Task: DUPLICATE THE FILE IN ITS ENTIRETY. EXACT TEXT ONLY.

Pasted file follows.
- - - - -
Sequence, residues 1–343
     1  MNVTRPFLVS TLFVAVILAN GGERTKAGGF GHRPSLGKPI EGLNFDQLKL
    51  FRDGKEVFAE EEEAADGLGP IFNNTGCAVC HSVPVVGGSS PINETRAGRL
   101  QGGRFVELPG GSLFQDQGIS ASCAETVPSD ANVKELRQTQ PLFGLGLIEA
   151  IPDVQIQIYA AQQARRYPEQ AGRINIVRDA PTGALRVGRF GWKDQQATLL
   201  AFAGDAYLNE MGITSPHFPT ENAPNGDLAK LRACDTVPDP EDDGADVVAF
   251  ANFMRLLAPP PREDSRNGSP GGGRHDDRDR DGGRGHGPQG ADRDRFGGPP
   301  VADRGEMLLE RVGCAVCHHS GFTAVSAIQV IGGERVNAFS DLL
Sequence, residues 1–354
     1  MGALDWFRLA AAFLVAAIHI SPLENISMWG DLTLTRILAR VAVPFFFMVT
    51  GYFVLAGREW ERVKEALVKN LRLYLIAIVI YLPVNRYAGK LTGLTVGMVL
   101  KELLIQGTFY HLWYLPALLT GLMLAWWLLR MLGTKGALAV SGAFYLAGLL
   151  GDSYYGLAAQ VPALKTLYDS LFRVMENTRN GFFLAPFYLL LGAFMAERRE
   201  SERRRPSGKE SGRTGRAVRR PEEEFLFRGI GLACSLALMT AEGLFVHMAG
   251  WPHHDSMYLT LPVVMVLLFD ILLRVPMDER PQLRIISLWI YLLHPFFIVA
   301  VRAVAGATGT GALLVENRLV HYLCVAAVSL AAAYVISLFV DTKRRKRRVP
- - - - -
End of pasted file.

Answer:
Sequence, residues 1–343
     1  MNVTRPFLVS TLFVAVILAN GGERTKAGGF GHRPSLGKPI EGLNFDQLKL
    51  FRDGKEVFAE EEEAADGLGP IFNNTGCAVC HSVPVVGGSS PINETRAGRL
   101  QGGRFVELPG GSLFQDQGIS ASCAETVPSD ANVKELRQTQ PLFGLGLIEA
   151  IPDVQIQIYA AQQARRYPEQ AGRINIVRDA PTGALRVGRF GWKDQQATLL
   201  AFAGDAYLNE MGITSPHFPT ENAPNGDLAK LRACDTVPDP EDDGADVVAF
   251  ANFMRLLAPP PREDSRNGSP GGGRHDDRDR DGGRGHGPQG ADRDRFGGPP
   301  VADRGEMLLE RVGCAVCHHS GFTAVSAIQV IGGERVNAFS DLL
Sequence, residues 1–354
     1  MGALDWFRLA AAFLVAAIHI SPLENISMWG DLTLTRILAR VAVPFFFMVT
    51  GYFVLAGREW ERVKEALVKN LRLYLIAIVI YLPVNRYAGK LTGLTVGMVL
   101  KELLIQGTFY HLWYLPALLT GLMLAWWLLR MLGTKGALAV SGAFYLAGLL
   151  GDSYYGLAAQ VPALKTLYDS LFRVMENTRN GFFLAPFYLL LGAFMAERRE
   201  SERRRPSGKE SGRTGRAVRR PEEEFLFRGI GLACSLALMT AEGLFVHMAG
   251  WPHHDSMYLT LPVVMVLLFD ILLRVPMDER PQLRIISLWI YLLHPFFIVA
   301  VRAVAGATGT GALLVENRLV HYLCVAAVSL AAAYVISLFV DTKRRKRRVP